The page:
Americans want more and better environmental reporting; help us get some

Advocating for improved reporting on the environment is central to my job at Michigan State University’s Knight Center for Environmental Journalism.

But apparently most of you agree that it’s a good idea.

In fact, nearly 80 percent of Americans believe news coverage of the environment should be improved, according to a national poll commissioned by the Project for Improved Environmental Coverage.

The Opinion Research Corp. conducted the poll April 14-15. And, full disclosure, I’m among a group of environmental journalism professionals who helped craft a vision for the organization that commissioned it.

“This poll tells us that there is a shared common interest in being better informed about environmental issues,” Tyson Miller, the project director, wrote in a news release. “News organizations act as filters for what we perceive as important and improving the quality of environmental coverage not only has significant social value but it’s also something news consumers want.”

Age, location and education made little difference in what the poll found. A slightly higher percentage of non-whites expressed greater concern about the state of environmental reporting.

The project also notes that the Pew Center’s Project for Excellence in Journalism reports news coverage of the environment fell from 2 percent of news stories in 2010 to 1 percent in 2011.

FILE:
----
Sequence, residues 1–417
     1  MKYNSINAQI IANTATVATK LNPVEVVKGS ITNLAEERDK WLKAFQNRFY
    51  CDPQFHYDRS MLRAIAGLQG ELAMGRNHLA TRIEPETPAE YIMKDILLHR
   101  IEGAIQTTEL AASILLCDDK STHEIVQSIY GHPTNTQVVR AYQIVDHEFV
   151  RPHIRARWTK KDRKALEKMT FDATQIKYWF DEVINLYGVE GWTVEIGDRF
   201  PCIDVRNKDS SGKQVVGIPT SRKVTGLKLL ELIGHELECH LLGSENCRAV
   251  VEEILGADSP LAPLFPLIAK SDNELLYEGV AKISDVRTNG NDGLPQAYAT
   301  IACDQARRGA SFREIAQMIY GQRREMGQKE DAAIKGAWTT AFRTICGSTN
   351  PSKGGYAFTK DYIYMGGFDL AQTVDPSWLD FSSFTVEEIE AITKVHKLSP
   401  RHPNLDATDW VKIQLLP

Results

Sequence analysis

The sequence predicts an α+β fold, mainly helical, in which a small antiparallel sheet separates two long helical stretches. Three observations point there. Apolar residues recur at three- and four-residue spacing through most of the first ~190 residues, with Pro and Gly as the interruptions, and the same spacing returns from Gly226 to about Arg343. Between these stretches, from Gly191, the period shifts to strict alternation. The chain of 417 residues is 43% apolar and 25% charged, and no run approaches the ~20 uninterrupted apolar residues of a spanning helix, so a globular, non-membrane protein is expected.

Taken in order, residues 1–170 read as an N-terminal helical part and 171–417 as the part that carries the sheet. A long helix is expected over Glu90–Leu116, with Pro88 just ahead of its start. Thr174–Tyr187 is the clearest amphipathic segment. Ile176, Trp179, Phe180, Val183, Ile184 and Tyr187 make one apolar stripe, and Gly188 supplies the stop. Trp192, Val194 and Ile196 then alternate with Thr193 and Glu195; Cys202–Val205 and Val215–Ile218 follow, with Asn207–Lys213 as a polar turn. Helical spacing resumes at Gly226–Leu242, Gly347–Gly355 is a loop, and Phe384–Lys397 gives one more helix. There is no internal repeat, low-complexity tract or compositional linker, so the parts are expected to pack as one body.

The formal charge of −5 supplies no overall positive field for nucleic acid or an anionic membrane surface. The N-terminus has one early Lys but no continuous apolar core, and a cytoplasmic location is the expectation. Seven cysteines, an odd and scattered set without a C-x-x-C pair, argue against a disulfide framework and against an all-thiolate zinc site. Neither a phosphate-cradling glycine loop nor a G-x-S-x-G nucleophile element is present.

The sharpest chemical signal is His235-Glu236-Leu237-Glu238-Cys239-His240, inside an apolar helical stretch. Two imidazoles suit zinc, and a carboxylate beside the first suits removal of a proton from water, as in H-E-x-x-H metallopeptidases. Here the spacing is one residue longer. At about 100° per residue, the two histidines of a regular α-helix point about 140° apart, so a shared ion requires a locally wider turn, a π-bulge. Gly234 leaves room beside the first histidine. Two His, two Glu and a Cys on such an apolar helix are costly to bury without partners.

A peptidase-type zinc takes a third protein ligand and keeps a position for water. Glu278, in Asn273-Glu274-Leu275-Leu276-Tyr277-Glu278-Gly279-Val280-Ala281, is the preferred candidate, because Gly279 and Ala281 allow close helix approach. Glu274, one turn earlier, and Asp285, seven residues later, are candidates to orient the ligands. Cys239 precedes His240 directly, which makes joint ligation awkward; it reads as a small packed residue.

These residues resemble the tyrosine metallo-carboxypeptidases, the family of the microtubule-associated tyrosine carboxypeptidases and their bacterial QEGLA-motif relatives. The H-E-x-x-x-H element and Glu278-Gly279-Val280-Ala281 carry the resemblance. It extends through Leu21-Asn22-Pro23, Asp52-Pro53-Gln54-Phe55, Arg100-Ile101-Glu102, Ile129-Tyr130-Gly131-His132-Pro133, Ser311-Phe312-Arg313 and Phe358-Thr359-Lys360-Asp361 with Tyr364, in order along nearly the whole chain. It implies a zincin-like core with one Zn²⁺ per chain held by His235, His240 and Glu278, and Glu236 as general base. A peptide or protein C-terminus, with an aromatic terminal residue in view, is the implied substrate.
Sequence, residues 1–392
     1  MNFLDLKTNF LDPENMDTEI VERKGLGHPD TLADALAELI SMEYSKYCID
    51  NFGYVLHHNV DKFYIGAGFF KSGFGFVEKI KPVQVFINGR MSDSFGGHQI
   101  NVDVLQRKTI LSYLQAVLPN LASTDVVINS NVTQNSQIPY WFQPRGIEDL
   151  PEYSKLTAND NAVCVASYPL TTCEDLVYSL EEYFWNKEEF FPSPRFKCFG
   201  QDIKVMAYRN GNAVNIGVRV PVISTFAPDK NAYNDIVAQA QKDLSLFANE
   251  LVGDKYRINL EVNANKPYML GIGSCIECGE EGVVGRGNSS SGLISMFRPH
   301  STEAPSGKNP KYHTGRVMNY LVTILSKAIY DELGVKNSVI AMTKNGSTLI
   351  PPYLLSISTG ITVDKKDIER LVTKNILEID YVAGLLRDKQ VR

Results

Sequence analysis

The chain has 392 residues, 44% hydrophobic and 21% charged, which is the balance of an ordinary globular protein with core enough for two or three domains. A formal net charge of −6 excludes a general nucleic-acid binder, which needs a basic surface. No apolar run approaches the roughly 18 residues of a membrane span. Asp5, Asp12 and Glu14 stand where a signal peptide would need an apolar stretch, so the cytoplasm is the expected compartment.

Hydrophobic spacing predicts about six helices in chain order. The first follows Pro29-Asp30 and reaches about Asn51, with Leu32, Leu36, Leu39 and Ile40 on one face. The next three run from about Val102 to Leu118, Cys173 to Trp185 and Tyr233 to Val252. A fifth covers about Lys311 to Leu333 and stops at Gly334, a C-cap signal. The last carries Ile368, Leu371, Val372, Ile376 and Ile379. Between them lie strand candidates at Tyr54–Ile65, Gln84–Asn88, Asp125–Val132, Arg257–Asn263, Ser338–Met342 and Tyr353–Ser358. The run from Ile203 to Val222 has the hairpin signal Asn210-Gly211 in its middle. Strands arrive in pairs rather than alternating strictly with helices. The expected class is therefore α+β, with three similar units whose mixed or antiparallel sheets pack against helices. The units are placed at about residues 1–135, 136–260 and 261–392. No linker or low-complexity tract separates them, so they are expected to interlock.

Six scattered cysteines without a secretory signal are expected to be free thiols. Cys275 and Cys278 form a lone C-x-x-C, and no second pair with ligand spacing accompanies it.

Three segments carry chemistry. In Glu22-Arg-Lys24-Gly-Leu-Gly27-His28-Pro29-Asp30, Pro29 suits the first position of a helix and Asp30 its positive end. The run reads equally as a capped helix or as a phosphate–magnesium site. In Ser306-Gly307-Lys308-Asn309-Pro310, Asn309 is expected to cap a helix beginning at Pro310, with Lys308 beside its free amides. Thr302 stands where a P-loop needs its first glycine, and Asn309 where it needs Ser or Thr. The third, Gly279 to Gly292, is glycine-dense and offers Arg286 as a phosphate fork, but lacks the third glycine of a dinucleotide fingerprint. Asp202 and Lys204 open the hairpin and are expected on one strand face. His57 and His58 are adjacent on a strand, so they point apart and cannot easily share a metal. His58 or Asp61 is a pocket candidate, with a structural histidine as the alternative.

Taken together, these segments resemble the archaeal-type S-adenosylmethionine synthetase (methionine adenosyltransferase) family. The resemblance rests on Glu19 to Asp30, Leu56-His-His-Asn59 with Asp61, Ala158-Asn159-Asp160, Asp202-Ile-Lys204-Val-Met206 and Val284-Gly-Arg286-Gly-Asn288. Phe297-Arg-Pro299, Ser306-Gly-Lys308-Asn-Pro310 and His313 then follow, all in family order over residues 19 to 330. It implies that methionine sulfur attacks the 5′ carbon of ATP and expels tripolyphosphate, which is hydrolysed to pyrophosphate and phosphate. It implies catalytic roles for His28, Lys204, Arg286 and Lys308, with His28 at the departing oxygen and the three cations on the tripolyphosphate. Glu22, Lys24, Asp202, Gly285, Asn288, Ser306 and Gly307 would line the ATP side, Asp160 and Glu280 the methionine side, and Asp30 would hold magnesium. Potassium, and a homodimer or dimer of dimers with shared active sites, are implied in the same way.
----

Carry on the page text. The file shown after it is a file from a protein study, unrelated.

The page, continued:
There are lots of reasons that so many news consumers are dissatisfied with coverage of the environment.

And I don’t want to detail any of them here. At least not now.

Instead, I’m asking for your help in a small step toward improving climate change coverage in our Great Lakes region. Our environmental journalism center and the Society of Environmental Journalists are running two workshops this summer for regional journalists and scientists interested in improving that reporting.

Part of the plan is to improve the climate change literacy of journalists and give them access to recent newsy climate change issues. Part of it is to improve the communication skills of scientists and foster a desire within them to communicate with journalists and the public.

And a big part of it is to foster a greater understanding in each group of the other group’s challenges for communicating climate change issues. You and other Great Lakes regional news consumers can benefit from all those things.

Better yet, you can help get them.

Here’s how: Invite a Great Lakes scientist or journalist to apply to attend one of these sessions. It’s a pretty good deal. They are underwritten by the National Science Foundation and are part of a Climate Change Education Partnership, a group of Great Lakes educators encompassing experts in K-12 and university education, scientists and experts at museums, zoos and aquariums.

The participation by the Knight Center and the SEJ comes by defining journalists as informal educators of the public.

The first workshop is June 9 in Cleveland. The official deadline just passed, but there is yet time to get into the mix this week. We are particularly interested in expanding the pool of regional scientists interested in climate change communications. Journalists and scientists can learn more and apply here.